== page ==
My husband just started his second year working on inpatient wards, so the phrase “the hospital owns him” is coming to mind. While his work schedule and I would occasionally like to punch each other in the face, my hubby handles it all with grace and patience. He is blessed with great coworkers and continues to feel affirmation that his chosen specialty is the right one for him, which I am grateful for every day. For those of you wondering how I fared that first year of residency, let me be clear: I do not always handle things with the aforementioned grace and patience of my hubby. Let's just say that intern year went by much faster than I expected, but you guys - it was hard.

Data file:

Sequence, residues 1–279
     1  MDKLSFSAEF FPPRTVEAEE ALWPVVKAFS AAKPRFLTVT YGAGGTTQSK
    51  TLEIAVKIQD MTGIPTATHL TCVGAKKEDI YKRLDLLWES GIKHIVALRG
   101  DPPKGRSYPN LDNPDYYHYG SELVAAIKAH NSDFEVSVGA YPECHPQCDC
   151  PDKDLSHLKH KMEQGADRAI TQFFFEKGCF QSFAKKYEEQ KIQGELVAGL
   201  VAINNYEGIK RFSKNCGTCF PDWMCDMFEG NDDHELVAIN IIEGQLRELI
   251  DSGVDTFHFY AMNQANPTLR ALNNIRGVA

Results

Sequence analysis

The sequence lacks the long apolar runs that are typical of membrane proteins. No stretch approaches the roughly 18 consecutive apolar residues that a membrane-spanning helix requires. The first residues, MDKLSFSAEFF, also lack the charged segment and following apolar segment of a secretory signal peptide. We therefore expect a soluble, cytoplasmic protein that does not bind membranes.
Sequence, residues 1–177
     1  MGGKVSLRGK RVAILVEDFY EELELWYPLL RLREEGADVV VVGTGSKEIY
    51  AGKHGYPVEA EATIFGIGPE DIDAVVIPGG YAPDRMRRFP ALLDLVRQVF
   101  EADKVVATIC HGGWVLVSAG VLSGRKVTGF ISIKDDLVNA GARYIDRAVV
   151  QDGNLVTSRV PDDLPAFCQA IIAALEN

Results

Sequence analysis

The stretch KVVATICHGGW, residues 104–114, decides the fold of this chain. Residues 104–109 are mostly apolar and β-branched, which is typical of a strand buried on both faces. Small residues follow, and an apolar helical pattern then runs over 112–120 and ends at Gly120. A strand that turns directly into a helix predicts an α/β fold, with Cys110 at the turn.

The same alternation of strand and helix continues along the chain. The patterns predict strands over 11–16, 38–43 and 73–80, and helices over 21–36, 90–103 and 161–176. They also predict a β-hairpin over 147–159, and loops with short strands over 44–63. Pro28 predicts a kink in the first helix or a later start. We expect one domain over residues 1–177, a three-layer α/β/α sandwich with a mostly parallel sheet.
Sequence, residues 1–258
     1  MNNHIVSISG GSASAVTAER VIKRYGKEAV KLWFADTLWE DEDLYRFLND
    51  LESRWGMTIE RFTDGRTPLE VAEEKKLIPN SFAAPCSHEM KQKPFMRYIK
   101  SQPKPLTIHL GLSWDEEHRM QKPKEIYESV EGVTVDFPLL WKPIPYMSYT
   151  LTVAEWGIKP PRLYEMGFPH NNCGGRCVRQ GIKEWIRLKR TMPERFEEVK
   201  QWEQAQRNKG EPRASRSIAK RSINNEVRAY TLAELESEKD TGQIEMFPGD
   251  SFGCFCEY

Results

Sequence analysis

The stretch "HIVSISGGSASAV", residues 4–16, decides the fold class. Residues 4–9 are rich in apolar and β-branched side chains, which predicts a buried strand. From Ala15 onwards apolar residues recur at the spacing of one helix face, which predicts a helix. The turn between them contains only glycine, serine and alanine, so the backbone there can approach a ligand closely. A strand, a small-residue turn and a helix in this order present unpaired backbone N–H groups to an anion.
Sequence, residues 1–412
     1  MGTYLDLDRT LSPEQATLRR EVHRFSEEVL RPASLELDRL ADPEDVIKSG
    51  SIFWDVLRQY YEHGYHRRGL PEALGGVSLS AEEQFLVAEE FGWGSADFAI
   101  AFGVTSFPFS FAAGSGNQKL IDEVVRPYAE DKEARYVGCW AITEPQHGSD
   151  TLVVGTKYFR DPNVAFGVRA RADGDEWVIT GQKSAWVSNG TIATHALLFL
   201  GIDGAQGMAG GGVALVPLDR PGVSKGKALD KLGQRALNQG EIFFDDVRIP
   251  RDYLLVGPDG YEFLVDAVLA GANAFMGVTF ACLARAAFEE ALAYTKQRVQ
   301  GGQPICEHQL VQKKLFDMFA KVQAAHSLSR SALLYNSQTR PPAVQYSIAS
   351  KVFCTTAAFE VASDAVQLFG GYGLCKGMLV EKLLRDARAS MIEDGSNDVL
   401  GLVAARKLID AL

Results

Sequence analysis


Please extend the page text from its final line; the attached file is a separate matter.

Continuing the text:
First of all, it’s a real treat trying to buy a house in a new city when all you have to go on is what you know about the airport (crowded, not enough Starbucks) and the highway at 3am (because no one wants to be anywhere near it at rush hour and you’ve decided to man up and drive yourself to Florida). On top of that, factor in the reality that your husband will not be working at one but four different hospitals spread across the city, so good luck trying to find a convenient location.

Confession: I seriously thought this was going to be like House Hunters.